The Dying Gaul: An Ancient Roman Masterpiece from the Capitoline Museum, Rome opens today at the National Gallery of Art. On view in the West Building Main Floor Rotunda through 16 March 2014, the Dying Gaul is among the most famous works to survive from antiquity. This is the first time the statue has left Italy since 1797, when Napoleon’s armies looted the sculpture to display at the Louvre in Paris. The work was returned to Rome in 1816.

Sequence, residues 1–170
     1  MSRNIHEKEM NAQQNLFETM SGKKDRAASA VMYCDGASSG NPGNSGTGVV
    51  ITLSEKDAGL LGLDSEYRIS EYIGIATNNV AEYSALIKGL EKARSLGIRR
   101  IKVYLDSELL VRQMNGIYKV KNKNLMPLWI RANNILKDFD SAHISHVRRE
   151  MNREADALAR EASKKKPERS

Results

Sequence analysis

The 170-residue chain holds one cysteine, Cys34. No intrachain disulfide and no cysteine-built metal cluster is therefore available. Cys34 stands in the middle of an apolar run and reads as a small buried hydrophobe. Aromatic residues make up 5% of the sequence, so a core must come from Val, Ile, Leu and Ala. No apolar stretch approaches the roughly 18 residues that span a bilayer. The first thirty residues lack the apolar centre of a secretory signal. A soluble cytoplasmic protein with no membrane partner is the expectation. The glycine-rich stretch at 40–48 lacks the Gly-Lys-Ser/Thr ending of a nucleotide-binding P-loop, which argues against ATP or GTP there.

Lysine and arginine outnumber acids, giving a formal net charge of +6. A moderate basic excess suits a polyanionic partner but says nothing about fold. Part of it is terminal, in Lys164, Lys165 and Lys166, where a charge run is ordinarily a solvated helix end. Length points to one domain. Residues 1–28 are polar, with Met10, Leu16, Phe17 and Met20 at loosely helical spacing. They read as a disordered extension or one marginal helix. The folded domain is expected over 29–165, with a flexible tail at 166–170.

The work is a marble copy of a work originally made in the ancient city of Pergamon (Turkey). The monument was set up as a votive offering, as the original inscription celebrated: “King Attalos having conquered in battle the Tolistoagii Gauls around the springs of the river Kaikos [set up this] thank-offering to Athena.” This particular version was in gardens belonging to Julius Caesar in Rome.

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